US rejects invite for face-to-face talks on UK steel dispute – POLITICO

LONDON – The United Kingdom has been dealt a blow after Washington declined an invitation to discuss a major trade dispute in person this month.

US Commerce Secretary Gina Raimondo will not come to London in the next two weeks to negotiate facilities for Britain to punish tariffs on steel and aluminum.

Britain’s International Trade Secretary Anne-Marie Trevelyan made the call last month during a trip to Washington aimed at resolving the issue.

There are hopes in the UK Department of Commerce that a virtual meeting will take place instead – which could take place as soon as next week. But the United States has not yet confirmed the plan.

A US trade spokesperson said: “The administration looks forward to taking this matter up when the time is right.” “While Secretary Raimundo appreciates the kind invitation, she is not in a position to travel in person to London at this time.”

The UK’s opposition Labor Party has seized on the rejection of personal talks in the coming weeks. “This is bitterly disappointing news for UK steel and aluminum manufacturers and for the many jobs, livelihoods and businesses that depend on the industry,” said Nick Thomas Symonds, Shadow’s international trade secretary.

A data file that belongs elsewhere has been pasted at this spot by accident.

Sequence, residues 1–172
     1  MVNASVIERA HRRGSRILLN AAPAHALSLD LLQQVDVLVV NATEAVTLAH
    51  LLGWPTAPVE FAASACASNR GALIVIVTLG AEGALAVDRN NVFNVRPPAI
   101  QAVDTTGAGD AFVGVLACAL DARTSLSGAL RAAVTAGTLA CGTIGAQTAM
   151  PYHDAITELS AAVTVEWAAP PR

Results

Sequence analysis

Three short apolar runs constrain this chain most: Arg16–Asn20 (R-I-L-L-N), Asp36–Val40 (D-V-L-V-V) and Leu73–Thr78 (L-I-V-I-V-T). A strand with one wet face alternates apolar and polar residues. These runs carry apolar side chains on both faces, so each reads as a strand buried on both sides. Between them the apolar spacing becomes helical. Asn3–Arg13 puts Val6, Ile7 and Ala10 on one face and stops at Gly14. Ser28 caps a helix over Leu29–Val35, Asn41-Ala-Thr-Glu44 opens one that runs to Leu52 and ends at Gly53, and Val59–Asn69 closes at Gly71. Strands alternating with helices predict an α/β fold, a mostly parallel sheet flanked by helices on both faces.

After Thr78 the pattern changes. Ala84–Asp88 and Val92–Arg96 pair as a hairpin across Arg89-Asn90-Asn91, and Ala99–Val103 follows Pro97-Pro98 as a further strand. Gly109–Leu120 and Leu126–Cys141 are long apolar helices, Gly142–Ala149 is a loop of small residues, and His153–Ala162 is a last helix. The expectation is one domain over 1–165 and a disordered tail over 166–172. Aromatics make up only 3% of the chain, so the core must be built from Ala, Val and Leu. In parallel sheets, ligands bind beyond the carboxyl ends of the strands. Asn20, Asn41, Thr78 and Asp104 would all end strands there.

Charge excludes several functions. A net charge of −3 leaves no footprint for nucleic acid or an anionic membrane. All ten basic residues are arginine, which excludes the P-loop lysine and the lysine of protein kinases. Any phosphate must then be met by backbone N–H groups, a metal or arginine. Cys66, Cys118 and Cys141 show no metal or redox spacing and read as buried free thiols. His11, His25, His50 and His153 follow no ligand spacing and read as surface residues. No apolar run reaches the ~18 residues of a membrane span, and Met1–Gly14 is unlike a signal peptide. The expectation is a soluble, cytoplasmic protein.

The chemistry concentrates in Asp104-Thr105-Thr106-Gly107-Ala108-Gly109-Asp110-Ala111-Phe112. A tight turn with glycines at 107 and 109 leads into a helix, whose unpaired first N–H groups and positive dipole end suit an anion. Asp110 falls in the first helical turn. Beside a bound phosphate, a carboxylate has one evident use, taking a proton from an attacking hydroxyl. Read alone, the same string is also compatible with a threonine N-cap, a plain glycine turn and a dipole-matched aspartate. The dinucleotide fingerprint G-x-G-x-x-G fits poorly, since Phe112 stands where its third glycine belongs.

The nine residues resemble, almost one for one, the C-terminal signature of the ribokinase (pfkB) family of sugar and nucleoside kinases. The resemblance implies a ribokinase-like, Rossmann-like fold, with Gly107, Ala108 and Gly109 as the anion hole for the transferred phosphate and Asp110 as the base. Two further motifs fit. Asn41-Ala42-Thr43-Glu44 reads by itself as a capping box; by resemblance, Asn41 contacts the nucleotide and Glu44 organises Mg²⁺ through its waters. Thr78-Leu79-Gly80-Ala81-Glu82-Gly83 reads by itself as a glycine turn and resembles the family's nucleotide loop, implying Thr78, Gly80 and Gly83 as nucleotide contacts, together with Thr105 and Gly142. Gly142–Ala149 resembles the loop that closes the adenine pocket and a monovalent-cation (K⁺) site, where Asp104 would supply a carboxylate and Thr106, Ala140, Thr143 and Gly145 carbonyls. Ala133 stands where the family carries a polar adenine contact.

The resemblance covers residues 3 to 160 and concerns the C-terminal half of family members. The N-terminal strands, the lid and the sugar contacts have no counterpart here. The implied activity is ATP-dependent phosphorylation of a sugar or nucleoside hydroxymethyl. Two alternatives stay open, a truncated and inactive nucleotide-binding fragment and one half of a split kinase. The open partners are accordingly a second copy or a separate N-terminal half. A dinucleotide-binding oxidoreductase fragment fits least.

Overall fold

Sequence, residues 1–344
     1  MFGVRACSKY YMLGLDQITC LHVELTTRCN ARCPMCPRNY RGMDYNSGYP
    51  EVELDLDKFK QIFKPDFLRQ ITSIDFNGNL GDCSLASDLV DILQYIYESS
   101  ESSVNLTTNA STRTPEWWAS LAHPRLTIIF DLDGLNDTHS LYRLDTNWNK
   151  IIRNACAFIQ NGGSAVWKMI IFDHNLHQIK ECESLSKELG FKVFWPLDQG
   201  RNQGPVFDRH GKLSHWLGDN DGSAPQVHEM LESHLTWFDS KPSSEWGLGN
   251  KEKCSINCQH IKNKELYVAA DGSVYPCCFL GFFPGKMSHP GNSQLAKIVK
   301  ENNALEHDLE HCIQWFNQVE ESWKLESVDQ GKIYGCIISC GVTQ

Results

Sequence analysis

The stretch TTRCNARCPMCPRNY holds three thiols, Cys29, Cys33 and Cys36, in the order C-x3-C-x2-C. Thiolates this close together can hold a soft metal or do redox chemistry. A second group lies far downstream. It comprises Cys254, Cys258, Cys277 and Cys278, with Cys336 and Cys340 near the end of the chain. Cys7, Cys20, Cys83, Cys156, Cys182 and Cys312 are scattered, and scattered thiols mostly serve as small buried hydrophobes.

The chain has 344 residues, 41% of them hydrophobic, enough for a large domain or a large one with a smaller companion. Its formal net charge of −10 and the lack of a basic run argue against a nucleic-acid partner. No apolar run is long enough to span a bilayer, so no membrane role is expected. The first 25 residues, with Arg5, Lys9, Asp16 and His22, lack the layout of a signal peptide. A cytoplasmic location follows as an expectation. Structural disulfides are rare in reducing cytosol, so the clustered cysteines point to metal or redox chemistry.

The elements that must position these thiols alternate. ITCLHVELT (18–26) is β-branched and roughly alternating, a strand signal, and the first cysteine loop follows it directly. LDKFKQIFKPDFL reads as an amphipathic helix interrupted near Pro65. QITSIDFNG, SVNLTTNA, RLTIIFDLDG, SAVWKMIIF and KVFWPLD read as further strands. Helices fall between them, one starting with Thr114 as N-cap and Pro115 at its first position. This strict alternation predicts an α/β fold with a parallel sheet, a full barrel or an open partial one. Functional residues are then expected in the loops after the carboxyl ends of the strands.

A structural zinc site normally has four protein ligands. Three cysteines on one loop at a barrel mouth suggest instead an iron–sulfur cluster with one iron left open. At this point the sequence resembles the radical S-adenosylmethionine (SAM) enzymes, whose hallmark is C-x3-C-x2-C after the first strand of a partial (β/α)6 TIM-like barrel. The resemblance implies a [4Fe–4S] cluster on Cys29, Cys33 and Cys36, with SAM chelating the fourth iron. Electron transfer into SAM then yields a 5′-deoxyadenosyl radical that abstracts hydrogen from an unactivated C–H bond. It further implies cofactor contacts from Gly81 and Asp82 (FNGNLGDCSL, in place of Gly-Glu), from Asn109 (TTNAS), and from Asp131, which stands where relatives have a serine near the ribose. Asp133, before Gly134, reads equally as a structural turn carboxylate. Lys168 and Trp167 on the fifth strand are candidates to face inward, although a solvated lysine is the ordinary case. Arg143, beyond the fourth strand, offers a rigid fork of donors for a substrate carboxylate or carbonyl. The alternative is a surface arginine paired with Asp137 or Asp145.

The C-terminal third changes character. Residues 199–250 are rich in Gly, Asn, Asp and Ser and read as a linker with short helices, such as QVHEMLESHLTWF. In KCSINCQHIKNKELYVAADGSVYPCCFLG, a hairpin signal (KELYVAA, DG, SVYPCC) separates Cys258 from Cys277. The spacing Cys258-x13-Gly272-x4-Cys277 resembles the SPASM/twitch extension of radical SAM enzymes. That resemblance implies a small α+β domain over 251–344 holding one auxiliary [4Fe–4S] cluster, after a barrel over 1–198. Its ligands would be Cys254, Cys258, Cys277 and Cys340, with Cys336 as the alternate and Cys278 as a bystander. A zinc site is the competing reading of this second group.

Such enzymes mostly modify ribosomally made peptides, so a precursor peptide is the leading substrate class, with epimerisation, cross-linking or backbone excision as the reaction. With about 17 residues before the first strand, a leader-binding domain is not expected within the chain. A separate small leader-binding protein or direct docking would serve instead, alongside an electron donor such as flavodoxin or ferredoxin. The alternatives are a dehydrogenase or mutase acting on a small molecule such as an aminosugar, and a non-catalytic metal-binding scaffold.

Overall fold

“The Labor Party has been calling on the Prime Minister to intervene personally with the President of the United States and to show the leadership this issue requires…this government needs to take this issue with the seriousness that our societies deserve, relying on the special relationship with the United States.”

A UK Department of Trade official said the transition to the COVID pandemic: “Given the current uncertainty around the Omicron variant, it is understandable that Foreign Ministers are unable to commit to international travel for in-person meetings.”

The official said that the call to discuss steel tariffs included the option of “virtual means”, and added, “We maintain the urgent need to make progress on this issue to raise the possibility of imposing more retaliatory tariffs on American goods.”

“We look forward to hypothetical discussions with the United States,” a spokesman for Prime Minister Boris Johnson added.

In remarks on Wednesday, US Trade Representative Catherine Taye tried to reassure her counterparts in London that talks would indeed take place – but not yet.

She told reporters that the reason the US had a deal with the EU and not the UK was a “matter of pragmatism” and that “the UK is on our minds a lot, and I’m sure we’ll take that up when the time is right.”

Some in London believe the US is stalling on the issue until the Brexit dispute between the UK and the EU is resolved. He believes the rift in Washington is jeopardizing peace in Northern Ireland.

Esther Weber contributed reporting.

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